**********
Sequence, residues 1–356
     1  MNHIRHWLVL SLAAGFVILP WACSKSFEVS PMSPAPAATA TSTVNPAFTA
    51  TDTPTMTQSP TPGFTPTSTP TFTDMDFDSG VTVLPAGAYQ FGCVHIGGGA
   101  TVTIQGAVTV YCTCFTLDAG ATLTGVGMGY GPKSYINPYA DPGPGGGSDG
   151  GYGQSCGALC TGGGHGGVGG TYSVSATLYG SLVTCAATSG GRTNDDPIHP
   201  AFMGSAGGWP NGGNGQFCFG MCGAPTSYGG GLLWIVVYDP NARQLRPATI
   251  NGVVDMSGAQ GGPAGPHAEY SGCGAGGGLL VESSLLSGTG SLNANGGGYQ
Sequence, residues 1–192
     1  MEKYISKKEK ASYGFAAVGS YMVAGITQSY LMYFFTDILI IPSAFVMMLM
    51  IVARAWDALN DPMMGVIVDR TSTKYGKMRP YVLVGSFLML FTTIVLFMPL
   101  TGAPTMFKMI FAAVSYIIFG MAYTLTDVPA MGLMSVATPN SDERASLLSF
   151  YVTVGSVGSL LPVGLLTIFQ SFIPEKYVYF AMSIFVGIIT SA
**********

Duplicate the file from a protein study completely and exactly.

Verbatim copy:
Sequence, residues 1–356
     1  MNHIRHWLVL SLAAGFVILP WACSKSFEVS PMSPAPAATA TSTVNPAFTA
    51  TDTPTMTQSP TPGFTPTSTP TFTDMDFDSG VTVLPAGAYQ FGCVHIGGGA
   101  TVTIQGAVTV YCTCFTLDAG ATLTGVGMGY GPKSYINPYA DPGPGGGSDG
   151  GYGQSCGALC TGGGHGGVGG TYSVSATLYG SLVTCAATSG GRTNDDPIHP
   201  AFMGSAGGWP NGGNGQFCFG MCGAPTSYGG GLLWIVVYDP NARQLRPATI
   251  NGVVDMSGAQ GGPAGPHAEY SGCGAGGGLL VESSLLSGTG SLNANGGGYQ
Sequence, residues 1–192
     1  MEKYISKKEK ASYGFAAVGS YMVAGITQSY LMYFFTDILI IPSAFVMMLM
    51  IVARAWDALN DPMMGVIVDR TSTKYGKMRP YVLVGSFLML FTTIVLFMPL
   101  TGAPTMFKMI FAAVSYIIFG MAYTLTDVPA MGLMSVATPN SDERASLLSF
   151  YVTVGSVGSL LPVGLLTIFQ SFIPEKYVYF AMSIFVGIIT SA